Sobiech and his band, A Firm Handshake, released an album titled "Fix Me Up," in February.
"Cancer may have taken Zach too soon, but he leaves a lasting legacy that most of us will never achieve," the Children's Cancer Research Fund said in a statement. "His message of love and hope delivered through infectious lyrics and memorable tunes have imprinted on the minds and hearts of millions around the world."
The Sobiech family has asked that all memorials be directed to the Zach Sobiech Osteosarcoma Fund in lieu of flowers.
State police in Maine say a body found in the woods likely is that of a 15-year-old girl last seen more than a week ago.
Spokesman Steve McCausland says the body was found at about 9:30 p.m. Monday by the Maine Warden Service in an undisclosed wooded location. Recovery will begin at daylight Tuesday.
McCausland says the state medical examiner's office will determine if the remains are those of Nichole Cable, of Glenburn. The girl's parents have been notified.
Cable's mother says her daughter was last seen on May 12 when she went out to see someone she'd met online. Her mother didn't know who that person was. Maine law enforcement officials and hundreds of volunteers have been searching for her.
The New York jury on which Caroline Kennedy served has acquitted a man of dealing crack cocaine.
Kennedy was juror No. 7 at the trial of Harlem resident Nelson Chatman.
It took the Manhattan state Supreme Court jury about one hour to find Chatman not guilty.
The only surviving child of President John F. Kennedy and Jacqueline Kennedy Onassis, Kennedy is a lawyer and author. She was selected to sit on the jury last week.
Chatman's lawyer had argued there wasn't enough evidence to tie his client to the alleged crime.
Newly released police files say Josh Powell had an affair with a Utah woman just months before his wife disappeared.
According to a West Valley City police detective's report, investigators contacted the woman, whose full name is redacted, in August 2010, after her phone number was discovered in connection with the case.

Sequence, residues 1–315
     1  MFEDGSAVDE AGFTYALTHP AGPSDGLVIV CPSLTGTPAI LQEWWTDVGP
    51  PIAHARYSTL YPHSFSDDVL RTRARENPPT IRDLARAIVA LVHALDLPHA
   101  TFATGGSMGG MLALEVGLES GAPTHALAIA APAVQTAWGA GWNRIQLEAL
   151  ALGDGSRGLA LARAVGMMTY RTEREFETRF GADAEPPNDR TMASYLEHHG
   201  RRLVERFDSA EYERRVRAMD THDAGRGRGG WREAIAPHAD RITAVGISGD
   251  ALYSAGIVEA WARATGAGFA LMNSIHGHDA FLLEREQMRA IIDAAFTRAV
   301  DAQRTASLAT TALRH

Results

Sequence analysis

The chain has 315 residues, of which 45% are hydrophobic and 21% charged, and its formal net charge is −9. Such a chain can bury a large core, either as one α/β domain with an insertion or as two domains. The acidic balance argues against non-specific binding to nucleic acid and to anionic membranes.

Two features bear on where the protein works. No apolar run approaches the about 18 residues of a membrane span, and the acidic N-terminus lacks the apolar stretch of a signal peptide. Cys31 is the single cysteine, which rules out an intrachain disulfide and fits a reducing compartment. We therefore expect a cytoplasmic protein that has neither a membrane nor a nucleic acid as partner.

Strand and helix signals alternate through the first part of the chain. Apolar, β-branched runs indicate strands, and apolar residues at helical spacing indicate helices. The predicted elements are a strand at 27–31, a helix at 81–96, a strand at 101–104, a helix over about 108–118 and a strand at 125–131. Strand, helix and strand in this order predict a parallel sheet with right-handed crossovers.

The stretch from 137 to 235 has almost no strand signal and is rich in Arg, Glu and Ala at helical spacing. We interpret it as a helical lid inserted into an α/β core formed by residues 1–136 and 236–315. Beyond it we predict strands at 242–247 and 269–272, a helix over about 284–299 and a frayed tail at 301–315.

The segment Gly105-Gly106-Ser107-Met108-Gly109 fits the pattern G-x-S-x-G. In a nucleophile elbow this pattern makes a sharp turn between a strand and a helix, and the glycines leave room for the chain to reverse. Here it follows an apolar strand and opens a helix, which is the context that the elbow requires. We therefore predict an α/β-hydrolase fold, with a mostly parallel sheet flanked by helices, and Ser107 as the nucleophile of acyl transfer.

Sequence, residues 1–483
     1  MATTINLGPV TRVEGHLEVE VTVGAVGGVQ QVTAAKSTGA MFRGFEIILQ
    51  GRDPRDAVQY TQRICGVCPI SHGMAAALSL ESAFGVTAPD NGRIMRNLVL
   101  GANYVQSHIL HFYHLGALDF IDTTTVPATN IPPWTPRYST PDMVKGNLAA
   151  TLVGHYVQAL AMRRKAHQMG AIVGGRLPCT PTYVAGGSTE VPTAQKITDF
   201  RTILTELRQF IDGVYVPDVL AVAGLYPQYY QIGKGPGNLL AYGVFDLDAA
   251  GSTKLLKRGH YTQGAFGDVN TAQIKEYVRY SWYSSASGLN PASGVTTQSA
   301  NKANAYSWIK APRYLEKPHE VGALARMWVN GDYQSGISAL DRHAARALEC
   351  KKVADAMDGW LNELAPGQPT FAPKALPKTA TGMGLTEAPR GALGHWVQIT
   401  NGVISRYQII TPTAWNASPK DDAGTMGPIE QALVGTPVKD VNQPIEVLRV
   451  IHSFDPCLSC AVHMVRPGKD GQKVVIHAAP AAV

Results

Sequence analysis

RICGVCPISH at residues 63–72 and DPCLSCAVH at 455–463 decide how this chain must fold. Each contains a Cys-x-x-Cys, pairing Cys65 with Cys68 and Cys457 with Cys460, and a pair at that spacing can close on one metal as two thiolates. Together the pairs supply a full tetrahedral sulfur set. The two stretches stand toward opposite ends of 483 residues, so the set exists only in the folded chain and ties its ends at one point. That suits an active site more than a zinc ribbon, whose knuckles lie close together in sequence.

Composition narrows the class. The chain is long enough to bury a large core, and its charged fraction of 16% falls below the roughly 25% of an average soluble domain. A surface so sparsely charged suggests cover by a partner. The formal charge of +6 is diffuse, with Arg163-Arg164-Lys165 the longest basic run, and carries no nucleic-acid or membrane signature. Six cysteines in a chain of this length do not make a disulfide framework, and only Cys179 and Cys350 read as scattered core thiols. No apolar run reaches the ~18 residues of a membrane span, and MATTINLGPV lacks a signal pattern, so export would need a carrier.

She told police she had a sexual relationship with Powell after meeting him through a dating service about six or seven months before Susan Powell disappeared. The woman said she knew Powell by the name John Staley, and she didn't know he was married.
She said Powell gave her about $800 over the course of their relationship. The report didn't specify how long the relationship lasted, or what the money was for.
The woman "said that she eventually broke up with him and it wasn't until she saw the news story about the Susan Powell case that she realized John was actually Josh Powell," Detective David Greco wrote.
A judge approved a request Monday by Boston Marathon bombing suspect Dzhokhar Tsarnaev's defense attorneys to receive records compiled on him in federal prison.
U.S. Magistrate Judge Marianne Bowler said in her order that prison officials should give attorneys the daily activity logs, suicide watch logs, psychology data files, photographs, commissary files they requested, and other records.
The judge said prosecutors also are entitled to the records, turning down a defense request that the records not be provided to the government until the defense had a chance to file objections to a judge. She also found no reason to keep private the defense's sealed request.
Bowler ruled Friday that defense lawyers couldn't take their own photos of Tsaraev in prison, but said prison officials could take photos of Tsarnaev with his lawyers present. Those also would be shared with prosecutors.
She said that defense lawyers contended Tsarnaev's "injuries over time" could provide evidence of his "evolving mental and physical state" and whether his statements were voluntary.
Also Monday, prosecutors and defense attorneys filed a joint motion to delay a May 30 probable cause hearing at least until July 2, saying they need more time to obtain and review evidence. They also cited the complex legal issues in the case. Federal prosecutors had said Friday they would ask for more time to indict Tsarnaev than the 30-day period prescribed under the Federal Speedy Trial Act.
Tsarnaev is accused of carrying out the April 15 attack with his brother Tamerlan, who died days later in a shootout with police. The bombings killed three people and injured more than 260.
The fourth week of protests led by the North Carolina chapter of the NAACP has ended in the arrests of more than 50 people at the state legislature.
The arrest count and number of supporters Monday reached the highest yet for the group's demonstrations against the policies of the General Assembly, which Republicans took control of after the 2010 elections. Crowds have grown each week, with about 150 people facing charges since the start of demonstrations.
The state chapter of the National Association for the Advancement of Colored People and the demonstrators are angry over cuts to social programs, education reforms, changes to voting laws and other issues championed by Republican lawmakers. The supporters and those arrested range in age, race and professional background.
The Oklahoma Medical Examiner's Office says 37 people have been killed by a tornado that hit suburban Oklahoma City on Monday afternoon. Spokeswoman Amy Elliott says the death toll is expected to rise. Elliott didn't know how many of those killed were children.